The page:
USCIS Issues Crucial Clarifications to L-1 Requirements
In accordance with President Trump’s Buy American Hire American Executive Order, U.S. Citizenship and Immigration Services (USCIS) is reviewing employment-based immigration programs in an effort to eliminate fraud and ensure adjudications are consistent. As a part of this effort, USCIS recently published clarifications for the L-1 nonimmigrant classification foreign employment requirement.
An L-1 visa allows a U.S. employer to transfer an executive or manager from an affiliated foreign office to an office in the U.S. Additionally, this classification allows a foreign company to send an executive or manager to the U.S. to establish an affiliated U.S. office. In addition to executives or managers, the L-1 category is applicable for employees with specialized knowledge. One requirement of the L-1 category is that a qualifying organization employs a principal L-1 beneficiary abroad for at least one continuous year out of the three years preceding petition filing.
In order to meet the one-year of continuous employment requirement, an L-1 beneficiary must first be physically outside of the U.S. during the required one continuous year of employment. There is a narrow exception for brief trips to the U.S. for business or pleasure. These trips will not count as interruptions to the continuous year; however, these trips must be subtracted from the continuous year and made up. Second, the petitioner and beneficiary of the L-1 visa must meet all requirements at the time the petitioner files the initial L-1 petition. This includes the requirement for one year of foreign employment.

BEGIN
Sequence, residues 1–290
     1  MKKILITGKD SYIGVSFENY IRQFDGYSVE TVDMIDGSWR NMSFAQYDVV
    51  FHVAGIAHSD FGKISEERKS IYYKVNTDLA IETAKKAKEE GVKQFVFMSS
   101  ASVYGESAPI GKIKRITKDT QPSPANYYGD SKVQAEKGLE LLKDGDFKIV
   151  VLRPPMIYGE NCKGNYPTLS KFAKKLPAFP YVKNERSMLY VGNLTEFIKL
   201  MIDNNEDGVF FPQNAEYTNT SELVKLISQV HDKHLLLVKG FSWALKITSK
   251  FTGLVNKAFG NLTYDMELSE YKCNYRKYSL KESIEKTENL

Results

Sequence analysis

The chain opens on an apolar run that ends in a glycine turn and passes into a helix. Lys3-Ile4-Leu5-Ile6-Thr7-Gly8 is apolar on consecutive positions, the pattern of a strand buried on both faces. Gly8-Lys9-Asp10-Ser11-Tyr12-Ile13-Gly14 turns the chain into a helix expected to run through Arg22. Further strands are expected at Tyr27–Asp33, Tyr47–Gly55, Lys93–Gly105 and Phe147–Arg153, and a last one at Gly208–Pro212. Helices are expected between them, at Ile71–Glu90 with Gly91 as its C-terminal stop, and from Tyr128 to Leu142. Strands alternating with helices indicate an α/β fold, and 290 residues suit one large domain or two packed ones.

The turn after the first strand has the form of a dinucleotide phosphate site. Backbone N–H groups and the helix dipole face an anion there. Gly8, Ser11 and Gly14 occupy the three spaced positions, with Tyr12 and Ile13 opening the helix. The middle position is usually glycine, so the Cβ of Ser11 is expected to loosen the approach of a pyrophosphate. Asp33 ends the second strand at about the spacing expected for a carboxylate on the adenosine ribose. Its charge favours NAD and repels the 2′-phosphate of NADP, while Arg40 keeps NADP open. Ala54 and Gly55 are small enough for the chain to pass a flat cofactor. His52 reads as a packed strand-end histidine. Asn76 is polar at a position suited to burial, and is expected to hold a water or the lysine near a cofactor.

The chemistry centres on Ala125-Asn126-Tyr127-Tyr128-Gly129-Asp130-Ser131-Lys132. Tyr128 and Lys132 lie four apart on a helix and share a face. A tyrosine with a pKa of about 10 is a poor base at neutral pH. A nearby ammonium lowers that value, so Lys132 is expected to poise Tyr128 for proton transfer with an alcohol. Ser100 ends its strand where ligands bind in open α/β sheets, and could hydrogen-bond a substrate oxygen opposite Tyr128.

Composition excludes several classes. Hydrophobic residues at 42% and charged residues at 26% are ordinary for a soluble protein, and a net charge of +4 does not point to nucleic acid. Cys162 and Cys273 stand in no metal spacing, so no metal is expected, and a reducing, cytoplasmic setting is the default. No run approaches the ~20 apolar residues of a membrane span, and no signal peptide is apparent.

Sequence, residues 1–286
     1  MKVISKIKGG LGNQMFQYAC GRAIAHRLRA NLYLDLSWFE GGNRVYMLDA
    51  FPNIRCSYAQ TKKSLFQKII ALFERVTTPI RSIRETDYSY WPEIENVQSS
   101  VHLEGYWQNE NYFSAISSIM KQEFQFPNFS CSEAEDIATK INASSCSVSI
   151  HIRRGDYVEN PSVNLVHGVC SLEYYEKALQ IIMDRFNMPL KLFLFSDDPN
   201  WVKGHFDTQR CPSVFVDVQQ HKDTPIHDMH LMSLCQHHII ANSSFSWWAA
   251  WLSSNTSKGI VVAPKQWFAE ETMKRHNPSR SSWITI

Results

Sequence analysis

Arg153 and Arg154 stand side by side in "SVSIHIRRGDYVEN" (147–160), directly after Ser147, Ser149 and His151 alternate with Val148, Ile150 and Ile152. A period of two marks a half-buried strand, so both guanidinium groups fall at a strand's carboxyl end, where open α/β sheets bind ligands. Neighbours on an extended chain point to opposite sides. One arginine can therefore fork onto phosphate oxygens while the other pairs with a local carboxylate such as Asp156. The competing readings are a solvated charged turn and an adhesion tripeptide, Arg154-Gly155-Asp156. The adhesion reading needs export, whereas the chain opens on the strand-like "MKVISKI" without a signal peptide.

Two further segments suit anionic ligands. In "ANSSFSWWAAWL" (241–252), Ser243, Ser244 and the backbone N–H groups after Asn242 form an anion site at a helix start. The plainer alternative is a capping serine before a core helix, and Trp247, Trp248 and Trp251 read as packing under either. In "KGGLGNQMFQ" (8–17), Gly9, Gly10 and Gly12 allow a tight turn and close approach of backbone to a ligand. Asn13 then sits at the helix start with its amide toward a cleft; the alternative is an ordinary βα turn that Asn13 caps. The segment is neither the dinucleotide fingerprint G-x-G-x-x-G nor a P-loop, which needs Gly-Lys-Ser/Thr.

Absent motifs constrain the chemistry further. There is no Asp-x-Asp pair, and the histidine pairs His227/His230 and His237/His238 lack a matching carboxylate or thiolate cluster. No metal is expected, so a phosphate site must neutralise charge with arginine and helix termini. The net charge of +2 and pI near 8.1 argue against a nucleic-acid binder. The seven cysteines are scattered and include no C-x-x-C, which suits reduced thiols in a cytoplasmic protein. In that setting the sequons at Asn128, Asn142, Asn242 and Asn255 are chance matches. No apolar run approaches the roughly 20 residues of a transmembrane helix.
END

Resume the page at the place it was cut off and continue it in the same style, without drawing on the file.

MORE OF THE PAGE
USCIS highlighted clarifications to the definition of “three years” in this context. Time spent by a beneficiary working in the U.S. for a qualifying organization results in an adjustment of the three-year period requirement. On the other hand, periods of employment with the qualifying organization as a dependent of the principal or as a student do not result in an adjustment to the three-year period. Periods of time in the U.S. not working or working for an unrelated employer do not result in an adjustment of the three-year period. It is important to note that these time periods interrupt the one-year requirement.
Filing for a successful L-1 visa requires detailed knowledge of its nuanced requirements. If you are interested in applying for an L-1 visa, contact Berardi Immigration Law to schedule a consult with an attorney today!